The most common type of spinal injury occurring on the track or trail is the subluxation.  A subluxation is the loss of proper position or motion of a spinal joint which causes local pain and inflammation and can impair the transmission of nerve impulses from the spinal cord to the various organ systems of the body.  "Adjustments" can be delivered by a doctor of chiropractic to restore the proper biomechanics of the injured joint and improve nerve supply to the affected tissues.  Subluxations can occur through repetitive motion injuries or through the traumatic ones.  Repeated wear and tear to the spine can result in injury and eventually degeneration of the discs between the vertebrae. Though treatment is possible even at this stage, prevention is the key.  Chiropractors are trained to not only address the injuries that we've been discussing but in prevention of these injuries.  

Though professional evaluation is always recommended with any acute injury, there are some simple guidelines for home treatment of musculoskeletal injuries. The acronym RICE is the key to remember.
    Rest - Immediately discontinue the activity.  You prevent further injury to the area and provide your body the energy it needs for healing and repair.
    Ice - Apply ice to the affected area.  Wrap ice in a thin towel and do not leave in place for more than 20 minutes.  Remove for 20 minutes minimum and repeat the process.
    Compression - Wrap the affected area with an elastic bandage.  Compression limits swelling which can cause further damage.
    Elevation - Elevate the affected area above the level of the heart.  Elevation diminishes the swelling and prevents further damage.  
Though heat can be comforting, NEVER apply heat to an acute injury.  Heat draws more blood to the area and contributes to more swelling which can cause further cellular damage and slow recovery time.

Simple steps to prevention that can be performed by all riders include the following:
    Step 1 - Practice proper stretching of the back, shoulder, wrist and knee muscles before climbing on the bike. Athletes frequently injury themselves because they didn't take the time to warm the muscles through stretching before using them. 

Step 2 - Eat properly during the off season and especially when you're in training. Your muscles need fuel to work properly and if you neglect to feed them or frequently eat the wrong foods then you might be doing more harm to your body.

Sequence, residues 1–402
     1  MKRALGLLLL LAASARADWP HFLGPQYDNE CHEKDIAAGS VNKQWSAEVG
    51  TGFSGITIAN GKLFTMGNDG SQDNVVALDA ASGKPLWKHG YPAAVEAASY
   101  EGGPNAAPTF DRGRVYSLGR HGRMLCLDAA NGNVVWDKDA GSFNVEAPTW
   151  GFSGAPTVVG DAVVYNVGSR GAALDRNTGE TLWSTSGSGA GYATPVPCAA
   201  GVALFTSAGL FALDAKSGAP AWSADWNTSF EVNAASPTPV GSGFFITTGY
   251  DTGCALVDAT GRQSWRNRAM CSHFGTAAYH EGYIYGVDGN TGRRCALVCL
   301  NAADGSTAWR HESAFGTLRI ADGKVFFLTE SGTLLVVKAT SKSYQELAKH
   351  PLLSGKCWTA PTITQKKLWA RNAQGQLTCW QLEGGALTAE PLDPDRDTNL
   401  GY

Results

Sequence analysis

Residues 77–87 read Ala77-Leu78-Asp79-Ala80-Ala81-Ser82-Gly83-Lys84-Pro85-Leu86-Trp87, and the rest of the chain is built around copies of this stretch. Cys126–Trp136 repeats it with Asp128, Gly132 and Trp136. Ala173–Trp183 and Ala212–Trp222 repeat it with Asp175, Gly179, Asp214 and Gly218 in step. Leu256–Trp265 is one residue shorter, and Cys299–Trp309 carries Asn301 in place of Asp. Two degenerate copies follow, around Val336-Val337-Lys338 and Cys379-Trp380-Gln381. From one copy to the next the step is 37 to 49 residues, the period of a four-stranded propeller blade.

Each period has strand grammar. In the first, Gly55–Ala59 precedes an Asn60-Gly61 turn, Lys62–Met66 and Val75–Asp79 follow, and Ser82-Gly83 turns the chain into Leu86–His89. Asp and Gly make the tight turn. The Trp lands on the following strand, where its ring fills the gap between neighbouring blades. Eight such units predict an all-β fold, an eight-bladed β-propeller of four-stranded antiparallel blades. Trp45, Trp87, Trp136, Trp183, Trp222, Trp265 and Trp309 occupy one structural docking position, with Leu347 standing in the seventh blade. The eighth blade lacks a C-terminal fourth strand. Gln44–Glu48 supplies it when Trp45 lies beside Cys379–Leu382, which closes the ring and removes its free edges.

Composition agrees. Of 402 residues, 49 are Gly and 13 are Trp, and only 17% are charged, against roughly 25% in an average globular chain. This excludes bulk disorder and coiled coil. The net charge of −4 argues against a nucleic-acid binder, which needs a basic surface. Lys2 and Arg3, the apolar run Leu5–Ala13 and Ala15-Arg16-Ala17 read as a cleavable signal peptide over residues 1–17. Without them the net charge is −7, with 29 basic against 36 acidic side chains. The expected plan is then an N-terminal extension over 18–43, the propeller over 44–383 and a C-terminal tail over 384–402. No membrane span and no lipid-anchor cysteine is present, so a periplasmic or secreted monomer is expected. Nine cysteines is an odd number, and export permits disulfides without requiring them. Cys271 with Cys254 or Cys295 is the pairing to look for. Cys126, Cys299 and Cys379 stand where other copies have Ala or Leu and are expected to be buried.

Step 3 - Train and exercise properly during the off season and while readying  yourself for an event. The more you work your muscles, the stronger they are and the more likely they are to take the pressure of Motocross. 

Step 4 - Cool down after a routine and bring your muscles back to their resting state. Your muscles are working hard during a ride and they need at least ten minutes to return to their natural state to prevent serious injury.

Your chiropractor can assist you in all of the above steps as you learn the routine that works best for you.

Lastly, wear protective gear.  Never get on your bike without the proper gear.  At a minimum you need a helmet with eye protection, chest protector, gloves and boots.  Knee and shoulder pads are extremely good at dispersing forces when landing on these points.  Neck protection is more and more becoming the norm at motocross events for good reason.  Riding pants and jerseys are designed for protection and warmth/cooling, take advantage of them.  

Paying attention to the prevention steps listed above can dramatically improve your chances of an injury free season.  When something does go awry, use RICE to your advantage.  If there's ever any question about an injury, get professional advice.  With the proper care you'll spend less time off your bike and more time on the track or trail!